The announcement of the ERE at CaixaBank and BBVA In recent days, he is highlighting the delicate situation of the bank clerks. What until a while ago was presented as a stable workstation in good condition, is now surrounded by massive layoffs and employment regulation files. If, on the one hand, CaixaBank announced the dismissal of 8,291 employees, BBVA will lay off 3,798 people.
Faced with this scenario, both banks try to get out of the way of criticism justifying their decisions. CaixaBank ensures that the employment regulation file (ERE) for 8,291 people raised this Tuesday “is necessary” and that it is due to productive and organizational reasons given the duplications and synergies derived from the merger and market circumstances.
In a statement, he explained that the criteria that will be applied to determine the affectation of the process will be “voluntariness and meritocracy.” The bank has maintained that it has submitted a proposal for changes in working conditions to move towards a “sustainable and unified” framework of conditions. It is about the unification of measures fundamentally related to complementary aspects of remuneration and social security, as well as issues related to the flexibility needed to advance the business model and maintain the sustainability of the rural network.
For its part, BBVA management has proposed the dismissal of 3,798 people and the closure of 530 branches in a procedure based on productive and organizational reasons derived from digital transformation.
BBVA supports its decision in the context of profound transformation for the sector, marked by an enormous competitive pressure, low interest rates, the accelerated adoption of digital channels by customers and the entry of new digital actors.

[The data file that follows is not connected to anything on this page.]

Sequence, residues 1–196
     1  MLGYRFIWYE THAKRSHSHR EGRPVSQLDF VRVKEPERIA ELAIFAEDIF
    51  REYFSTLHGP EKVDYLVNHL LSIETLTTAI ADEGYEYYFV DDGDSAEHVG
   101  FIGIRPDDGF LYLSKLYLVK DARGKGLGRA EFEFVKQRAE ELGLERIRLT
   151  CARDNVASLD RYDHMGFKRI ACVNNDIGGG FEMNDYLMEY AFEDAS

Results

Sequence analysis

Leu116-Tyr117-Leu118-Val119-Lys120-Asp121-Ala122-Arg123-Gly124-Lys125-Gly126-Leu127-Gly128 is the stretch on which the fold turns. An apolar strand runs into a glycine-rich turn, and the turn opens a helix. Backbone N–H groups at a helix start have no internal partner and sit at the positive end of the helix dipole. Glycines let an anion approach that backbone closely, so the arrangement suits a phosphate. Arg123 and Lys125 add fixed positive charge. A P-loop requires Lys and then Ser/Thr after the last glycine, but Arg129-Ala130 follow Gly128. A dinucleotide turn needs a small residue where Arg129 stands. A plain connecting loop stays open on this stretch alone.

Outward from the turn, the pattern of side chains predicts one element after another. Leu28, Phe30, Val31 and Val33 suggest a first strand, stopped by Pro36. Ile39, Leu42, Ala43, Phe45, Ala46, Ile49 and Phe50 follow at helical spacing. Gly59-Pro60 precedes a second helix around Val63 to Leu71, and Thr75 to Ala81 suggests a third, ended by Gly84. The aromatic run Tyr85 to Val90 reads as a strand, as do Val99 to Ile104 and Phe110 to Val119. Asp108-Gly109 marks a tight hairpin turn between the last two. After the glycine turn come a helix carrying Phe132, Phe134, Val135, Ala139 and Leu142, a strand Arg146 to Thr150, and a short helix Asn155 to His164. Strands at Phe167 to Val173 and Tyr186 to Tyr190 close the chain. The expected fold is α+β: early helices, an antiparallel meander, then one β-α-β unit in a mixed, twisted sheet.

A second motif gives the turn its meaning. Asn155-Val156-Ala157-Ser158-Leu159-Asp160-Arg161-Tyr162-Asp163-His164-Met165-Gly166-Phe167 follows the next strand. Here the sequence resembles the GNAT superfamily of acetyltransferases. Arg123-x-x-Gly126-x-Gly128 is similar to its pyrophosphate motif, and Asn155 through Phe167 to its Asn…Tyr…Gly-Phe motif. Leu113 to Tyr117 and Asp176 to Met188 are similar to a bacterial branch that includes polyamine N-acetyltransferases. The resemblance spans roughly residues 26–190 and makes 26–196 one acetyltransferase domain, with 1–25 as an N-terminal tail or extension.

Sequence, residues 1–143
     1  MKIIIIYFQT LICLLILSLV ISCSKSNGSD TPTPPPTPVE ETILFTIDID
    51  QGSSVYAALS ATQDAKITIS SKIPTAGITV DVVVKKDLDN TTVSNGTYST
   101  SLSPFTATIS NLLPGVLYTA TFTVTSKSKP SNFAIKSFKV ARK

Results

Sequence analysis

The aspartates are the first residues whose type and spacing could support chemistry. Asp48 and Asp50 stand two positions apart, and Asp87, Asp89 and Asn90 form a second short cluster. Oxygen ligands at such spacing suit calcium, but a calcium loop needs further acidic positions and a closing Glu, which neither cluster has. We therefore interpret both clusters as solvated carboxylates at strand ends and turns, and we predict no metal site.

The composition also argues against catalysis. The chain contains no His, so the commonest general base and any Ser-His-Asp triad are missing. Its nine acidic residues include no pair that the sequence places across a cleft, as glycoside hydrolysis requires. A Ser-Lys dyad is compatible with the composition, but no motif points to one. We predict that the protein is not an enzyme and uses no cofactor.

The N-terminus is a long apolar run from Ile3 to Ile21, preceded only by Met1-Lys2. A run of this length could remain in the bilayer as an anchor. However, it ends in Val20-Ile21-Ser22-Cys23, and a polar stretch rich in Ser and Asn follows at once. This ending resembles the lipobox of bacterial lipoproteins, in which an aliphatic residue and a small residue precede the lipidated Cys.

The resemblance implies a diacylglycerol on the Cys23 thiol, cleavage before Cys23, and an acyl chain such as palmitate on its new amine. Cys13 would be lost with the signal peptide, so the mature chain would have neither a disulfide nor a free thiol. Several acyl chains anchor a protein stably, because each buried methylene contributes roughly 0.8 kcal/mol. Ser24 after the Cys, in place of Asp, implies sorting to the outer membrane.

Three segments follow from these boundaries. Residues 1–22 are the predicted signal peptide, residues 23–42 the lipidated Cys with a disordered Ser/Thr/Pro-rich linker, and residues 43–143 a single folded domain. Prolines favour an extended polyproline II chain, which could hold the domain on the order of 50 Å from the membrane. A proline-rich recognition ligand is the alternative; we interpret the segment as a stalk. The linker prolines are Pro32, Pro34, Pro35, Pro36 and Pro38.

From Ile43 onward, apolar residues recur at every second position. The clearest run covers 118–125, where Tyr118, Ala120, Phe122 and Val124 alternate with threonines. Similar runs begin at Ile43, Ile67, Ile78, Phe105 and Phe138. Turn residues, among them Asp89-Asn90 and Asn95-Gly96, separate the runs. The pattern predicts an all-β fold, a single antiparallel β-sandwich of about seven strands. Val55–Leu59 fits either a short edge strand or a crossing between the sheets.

The bank considers that to guarantee its competitiveness and future employment sustainability, it is “essential” to continue working even more decisively to reduce its cost structure.
The Minister of Inclusion, Social Security and Migration, José Luis Escrivá, has stated that Financial entities such as CaixaBank and BBVA should take into account the public aid they received in the previous crisis before undertaking an ERE.
“The leaders of financial institutions must be aware of the extent to which the sector has been protected to avoid greater evils, and in this situation that reflection seems particularly relevant to me (…) That reflection should inspire any business decision,” he stressed. Escrivá has reminded financial institutions that their ‘rescue’ was not only manifested through the cleaning of their balance sheets, but also with a series of public aid that they should take into account when announcing template settings.
The minister trusts that these EREs will be the last to be produced within the framework of “an old model of employment adjustments that must be transformed and give way to internal flexibility mechanisms inspired by the current files of temporary employment regulation (ERTE), as contemplated in the Recovery Plan ”. These mechanisms, Escrivá pointed out, “are more effective in addressing business transformation processes, more gradual and allow orderly restructuring in which links with the company are maintained.”
Eddie is an Australian news reporter with over 9 years in the industry and has published on Forbes and tech crunch.